Bob now keeps working on his feature branch and just rebases on top of yours. That way you can work on the same feature, but still do your own rebase.

 

From the Bob's local feature branch, he can accomplish all this with just:

  1. git pull --rebase origin feature

I use pull --rebase all the time when I don't want a merge commit every time I pull down from the public branch. Simply replays my local commits on top of the remote head.

 

Yeah I was going to mention this in the fetch flow.

It actually makes collaborating with rebase completely acceptable as long as you never merge which I think may work at times too.

 

Hello Dalibor,

This solution would fit the "no nice way for him to fix this situation" category in my opinion :)

 

Rebase is a nice trick, but not a real workflow:

  1. use of --force to push your changes;
  2. conflicts ignored;
  3. code gets shoved at the line-numbers as it rewrites the diffs.

Just pull and merge, it's ok. Don't lie to git's history.

 

Saying that rebase is not a real workflow is relative. It will depend on what level you are rebasing things. Although it might not be the best option when you do not put your work in separate branches and instead commit everything to the default branch, I can say that rebasing makes your git history much cleaner. So a good approach in my opinion is when you work in separate branches and use rebase on those to clean history a little bit and then after that you merge to the default branch, which should give you merge commits, which believe me can be really helpful.

 

Hi Roger, to me the git's history is more "clear" if you use rebase. Yeah you're right, you need to use --force but you can do this solving all the conflict before. I use it in my current workflow with features branches and works well :) But it's just an opinion

 

Git push --force-with-lease

That is a slightly safer push, wish the command was shorter.

Using git to communicate, I believe requires rebase.

 

It depends on how you work. If your branch is only being worked on by you and/or your team, just communicate before you git push -f it, so everyone will be up to date afterwards. If that doesn't work for you, merge and silently cry about your ugly git history.

 

Hello Roger,

I wouldn't call rebase a "trick". It's a git command like any other.

Whether you'll use it depends on your(team's) workflow.

 

If the two commits of the feature branch have conflicts with the new one in master, I'll have to resolve conflicts twice, which is even worse if there are more. This is what I normally do:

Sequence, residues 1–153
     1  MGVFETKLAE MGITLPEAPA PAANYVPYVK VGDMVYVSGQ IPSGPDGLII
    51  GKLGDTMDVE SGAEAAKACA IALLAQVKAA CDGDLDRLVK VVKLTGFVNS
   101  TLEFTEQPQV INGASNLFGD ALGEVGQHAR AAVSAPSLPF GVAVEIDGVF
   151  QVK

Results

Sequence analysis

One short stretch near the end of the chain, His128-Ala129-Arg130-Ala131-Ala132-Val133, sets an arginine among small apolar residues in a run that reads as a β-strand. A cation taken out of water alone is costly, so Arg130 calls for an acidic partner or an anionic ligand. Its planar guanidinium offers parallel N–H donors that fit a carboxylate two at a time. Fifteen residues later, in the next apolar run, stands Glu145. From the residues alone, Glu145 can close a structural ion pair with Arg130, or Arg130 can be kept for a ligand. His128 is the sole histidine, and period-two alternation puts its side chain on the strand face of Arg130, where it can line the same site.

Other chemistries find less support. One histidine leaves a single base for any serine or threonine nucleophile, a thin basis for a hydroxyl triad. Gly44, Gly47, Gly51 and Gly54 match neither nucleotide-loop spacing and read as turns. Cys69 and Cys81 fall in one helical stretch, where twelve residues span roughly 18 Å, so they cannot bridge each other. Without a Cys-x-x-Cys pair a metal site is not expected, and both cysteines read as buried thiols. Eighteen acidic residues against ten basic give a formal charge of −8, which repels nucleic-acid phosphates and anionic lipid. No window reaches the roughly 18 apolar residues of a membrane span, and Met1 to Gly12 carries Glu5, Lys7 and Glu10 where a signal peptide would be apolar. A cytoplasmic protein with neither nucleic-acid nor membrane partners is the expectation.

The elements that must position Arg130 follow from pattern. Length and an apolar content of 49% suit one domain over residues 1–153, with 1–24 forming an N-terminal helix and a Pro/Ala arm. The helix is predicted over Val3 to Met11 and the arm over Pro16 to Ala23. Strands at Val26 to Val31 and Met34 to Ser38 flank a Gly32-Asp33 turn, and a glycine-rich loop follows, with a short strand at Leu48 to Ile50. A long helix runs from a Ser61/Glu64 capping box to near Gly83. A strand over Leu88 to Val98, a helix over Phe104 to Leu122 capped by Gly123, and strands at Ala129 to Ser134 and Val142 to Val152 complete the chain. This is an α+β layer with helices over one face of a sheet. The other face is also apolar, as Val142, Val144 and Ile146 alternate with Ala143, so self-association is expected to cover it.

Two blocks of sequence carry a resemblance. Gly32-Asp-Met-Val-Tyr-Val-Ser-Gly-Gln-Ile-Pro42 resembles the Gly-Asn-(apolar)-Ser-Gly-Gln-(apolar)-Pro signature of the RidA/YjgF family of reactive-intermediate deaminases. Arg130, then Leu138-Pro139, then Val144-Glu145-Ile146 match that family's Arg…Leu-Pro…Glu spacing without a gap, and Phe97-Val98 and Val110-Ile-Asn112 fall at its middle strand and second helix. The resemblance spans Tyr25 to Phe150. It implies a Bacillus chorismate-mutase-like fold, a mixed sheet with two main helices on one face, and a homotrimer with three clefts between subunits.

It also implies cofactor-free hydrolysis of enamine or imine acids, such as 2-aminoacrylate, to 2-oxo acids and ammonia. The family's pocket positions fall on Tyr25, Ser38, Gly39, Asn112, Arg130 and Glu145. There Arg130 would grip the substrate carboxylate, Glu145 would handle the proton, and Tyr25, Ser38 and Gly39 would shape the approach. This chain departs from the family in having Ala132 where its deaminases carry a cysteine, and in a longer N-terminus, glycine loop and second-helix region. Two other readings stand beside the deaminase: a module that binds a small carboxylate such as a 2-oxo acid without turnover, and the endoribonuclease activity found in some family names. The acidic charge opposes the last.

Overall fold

git reset --soft HEAD~<Number of commits in my feature branch>
git commit --amend # Combine all the commits of the branch into a single one
git rebase # If there are conflicts, it's only a single commit
git merge

This is what I do when working in a feature branch + PR workflow, what do you think?

 

Hy David,
Yes, this happens because during rebase git re-applies the commits (from feature branch in this case), so if you have conflicts on some commit, you must resolve them before git can try to re-apply the next commit. And if you have conflicts on every commit than you'll have to do it fore every of those commits.

Your workflow helps you avoid that "multiple" conflict resolution but you lose you commits granularity since they all get squashed into a single commit.

Only one thing - checkout interactive rebase, it's a cool feature and could help you combine a message for your squashed commits.

 

Exactly, but I actually prefer to have a single commit for a feature, while I like to have the whole commit history of my branch while I'm working on it, so yeah, interactive rebase is a good choice for that :)

 

I need to evaluate more cases, but if each commit conflicts, you don't eliminate any merge conflict by squashing. You'll just get one big collection of conflicts to deal with.

 

I'll have to admit that I rarely use rebase. I don't mind the "messier" git history, as as far as I am concerned it is a true history.

On top of that, I am of the "commit early, commit often" mindset and hand in hand with that is "push your branch to origin often IN CASE OF FIRE".

And since I instilled this in my team as well, our branches are pushed up public often, which is exactly the scenario one should not be rebasing from.

So it works out for us just fine.

FIRE

 

Vim has the true history which is actually really helpful during initial changes. But I don't commit my vim history to git, I have a different goal when I commit.

 

Where we're going, we don't need old commit ids.

But seriously, you combined one of my favorite movies with my favorite git command. Nailed it!

 
 
 

Thanks for explaining rebasing! :D

 

I don't suggest using rebase because if that red node on master removes some dependencies and functions that you actually need in those purple nodes, your commits won't build.

 

That is fair I suggest using commit --fixup to get the solution to the right commit. You still need to make a solution on merge.